Arts & Entertainment
2 min

Tightrope set to premiere at Buddies enlist local talent to explore narrative of loss

It’s sometimes said that artists don’t choose the themes of their work, but that the themes choose them. When Montreal-based company (Stephen Lawson and Aaron Pollard) were touring the Americas presenting their trademark multimedia performances, the subject matter for their latest project, Tightrope, began to emerge.
“The theme of people who have disappeared kept arising in different communities,” Lawson says. “Whether it was political dissidents in Argentina, drug cartel victims in Columbia or aboriginal women in Canada, the idea kept presenting itself.
“We started to ask ourselves about our relationship to the disappeared in our own lives,” he adds. “We were 11 and 14 respectively when the AIDS crisis began and feel quite strongly the absence of that disappeared generation of gay men.”
Making its world premiere at Buddies in Bad Times Theatre in Toronto on Friday, May 27, Tightrope melds live performance with video projection and music. Developed over a three-year period, the project incorporates a live musical element, courtesy of Montreal performers Alexis O’Hara and Radwan Ghazi Moumneh. 
“We’re thinking of the work as a song cycle rather than a theatre piece,” Lawson says. “The music forms the backbone of the piece in a way it never has in our previous work.”
The set will be constructed primarily of newspapers from the local community, changing according to the city where it is performed. This is both a nod to how the subject matter is positioned in the media and an attempt to situate the work in a local context. In addition to the fixed company of four, the piece will incorporate local performers. The Toronto version will feature a rotating cast of 12, including Kaleb Robertson, Nick Green, Ryan Kerr and lady-bear extraordinaire Fay Slift.
“The local performers take on the role of professional mourners in the piece,” Lawson says. “It was very important for us to bring people from the local community into the work. We meet a lot of people while travelling and performing, but it’s through actually working with people that you form deeper and more meaningful relationships.”
“We also want to foster intergenerational communication within the drag community,” he adds. “It’s our responsibility to facilitate and encourage younger generations of queer performers. That’s also a key platform of Buddies’ mandate, which is part of what makes the piece a natural fit for them.”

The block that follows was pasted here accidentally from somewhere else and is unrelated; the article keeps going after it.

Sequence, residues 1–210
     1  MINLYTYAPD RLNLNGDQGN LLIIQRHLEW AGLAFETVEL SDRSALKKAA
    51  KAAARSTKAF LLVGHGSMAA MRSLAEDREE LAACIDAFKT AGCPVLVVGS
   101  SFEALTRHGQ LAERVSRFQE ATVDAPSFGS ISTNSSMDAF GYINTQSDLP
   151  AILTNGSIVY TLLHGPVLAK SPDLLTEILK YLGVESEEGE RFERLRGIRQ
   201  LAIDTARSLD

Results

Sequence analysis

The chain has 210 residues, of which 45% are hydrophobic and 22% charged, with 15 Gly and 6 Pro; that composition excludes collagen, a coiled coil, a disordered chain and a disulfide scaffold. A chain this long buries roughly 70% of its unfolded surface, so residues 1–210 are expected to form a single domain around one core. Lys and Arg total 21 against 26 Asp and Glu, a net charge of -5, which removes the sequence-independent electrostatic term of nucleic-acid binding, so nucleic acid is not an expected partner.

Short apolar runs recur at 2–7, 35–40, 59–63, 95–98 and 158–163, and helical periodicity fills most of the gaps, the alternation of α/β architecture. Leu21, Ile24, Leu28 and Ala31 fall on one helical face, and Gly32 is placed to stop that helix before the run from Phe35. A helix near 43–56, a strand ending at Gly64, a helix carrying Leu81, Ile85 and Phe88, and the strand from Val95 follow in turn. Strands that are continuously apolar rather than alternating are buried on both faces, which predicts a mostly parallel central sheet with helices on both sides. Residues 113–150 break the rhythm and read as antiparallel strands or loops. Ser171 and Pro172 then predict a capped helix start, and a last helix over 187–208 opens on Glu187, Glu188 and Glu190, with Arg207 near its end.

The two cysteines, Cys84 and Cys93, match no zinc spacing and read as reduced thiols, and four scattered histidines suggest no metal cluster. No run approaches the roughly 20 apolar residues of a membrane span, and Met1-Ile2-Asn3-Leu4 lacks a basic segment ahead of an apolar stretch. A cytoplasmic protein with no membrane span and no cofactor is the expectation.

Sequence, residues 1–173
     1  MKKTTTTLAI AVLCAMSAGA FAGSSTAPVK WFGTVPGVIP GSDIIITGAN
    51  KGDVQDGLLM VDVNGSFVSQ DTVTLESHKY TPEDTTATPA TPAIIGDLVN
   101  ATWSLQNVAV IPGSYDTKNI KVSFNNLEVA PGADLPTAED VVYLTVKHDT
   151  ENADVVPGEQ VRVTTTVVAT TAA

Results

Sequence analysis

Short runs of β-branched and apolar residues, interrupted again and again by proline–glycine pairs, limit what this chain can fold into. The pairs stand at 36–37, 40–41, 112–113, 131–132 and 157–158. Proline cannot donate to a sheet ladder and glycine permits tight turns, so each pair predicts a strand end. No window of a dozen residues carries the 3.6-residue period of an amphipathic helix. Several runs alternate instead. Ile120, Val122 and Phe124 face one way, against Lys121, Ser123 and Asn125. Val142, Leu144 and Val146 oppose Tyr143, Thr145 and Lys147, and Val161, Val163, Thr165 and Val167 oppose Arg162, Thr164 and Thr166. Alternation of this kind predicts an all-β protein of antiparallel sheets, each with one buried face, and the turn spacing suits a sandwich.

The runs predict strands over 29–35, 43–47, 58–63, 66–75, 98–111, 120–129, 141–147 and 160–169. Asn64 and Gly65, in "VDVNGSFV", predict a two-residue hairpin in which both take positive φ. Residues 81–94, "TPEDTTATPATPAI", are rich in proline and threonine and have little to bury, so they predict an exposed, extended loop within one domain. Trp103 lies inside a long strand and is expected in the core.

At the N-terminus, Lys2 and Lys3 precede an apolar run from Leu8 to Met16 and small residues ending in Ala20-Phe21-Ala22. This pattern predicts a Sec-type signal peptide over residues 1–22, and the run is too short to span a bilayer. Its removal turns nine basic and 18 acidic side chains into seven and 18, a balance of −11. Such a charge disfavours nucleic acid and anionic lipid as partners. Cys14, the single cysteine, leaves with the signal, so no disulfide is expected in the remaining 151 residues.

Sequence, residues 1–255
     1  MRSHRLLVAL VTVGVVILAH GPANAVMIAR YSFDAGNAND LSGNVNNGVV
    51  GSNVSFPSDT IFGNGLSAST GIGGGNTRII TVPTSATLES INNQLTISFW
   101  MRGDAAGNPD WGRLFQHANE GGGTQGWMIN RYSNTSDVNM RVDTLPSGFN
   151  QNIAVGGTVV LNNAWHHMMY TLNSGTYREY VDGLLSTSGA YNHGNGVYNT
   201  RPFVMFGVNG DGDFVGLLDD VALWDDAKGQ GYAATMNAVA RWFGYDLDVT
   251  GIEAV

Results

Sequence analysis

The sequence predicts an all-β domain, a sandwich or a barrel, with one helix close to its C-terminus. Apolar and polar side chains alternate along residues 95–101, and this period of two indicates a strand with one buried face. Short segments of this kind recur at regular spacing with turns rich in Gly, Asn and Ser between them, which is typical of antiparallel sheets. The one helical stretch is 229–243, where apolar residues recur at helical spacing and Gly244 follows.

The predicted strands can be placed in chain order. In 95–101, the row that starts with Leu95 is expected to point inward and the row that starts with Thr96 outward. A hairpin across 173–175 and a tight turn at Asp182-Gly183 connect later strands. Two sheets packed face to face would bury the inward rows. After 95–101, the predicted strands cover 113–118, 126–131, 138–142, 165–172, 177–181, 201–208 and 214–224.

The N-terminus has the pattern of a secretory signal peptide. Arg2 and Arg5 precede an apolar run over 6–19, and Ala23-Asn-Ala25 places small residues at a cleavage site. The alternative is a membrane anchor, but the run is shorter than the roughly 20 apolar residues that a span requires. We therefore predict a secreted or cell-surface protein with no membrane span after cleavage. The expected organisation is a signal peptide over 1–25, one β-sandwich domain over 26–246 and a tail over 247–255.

The boys have a long history with Buddies, dating back to their first show at the Rhubarb festival in 2003. Since then, they’ve presented their signature works Phobophilia and Zona Pellucida there, as well as performing in 2007’s uproarious musical extravaganza ArtHouse Cabaret.
“We’ve been at Buddies for long enough that we’ve passed through the courtship phase and become established lovers,” Lawson laughs. “They’re our Toronto home and part of our international performance family. The relationship has been a huge help to us.”
The other relationship central to the creation of the work is the one between Lawson and Pollard. Together for 15 years as a couple, the pair has been collaborating for over 10 of those years. Being partners in both art and life has its good and bad sides. 
“Many things might get discussed over the first coffee of the day or just before you turn the lights out for the night, which isn’t a privilege you get in other collaborative partnerships,” Lawson says. “The downside is that it’s impossible to escape from the work in a way, because you can’t come home and complain about the people you’re working with.”
“That’s actually been one of the best things about collaborating with Alexis and Radwan,” he adds. “If they weren’t in the room there would be a lot more slamming things down and running out in tears. Having them around takes the edge off.”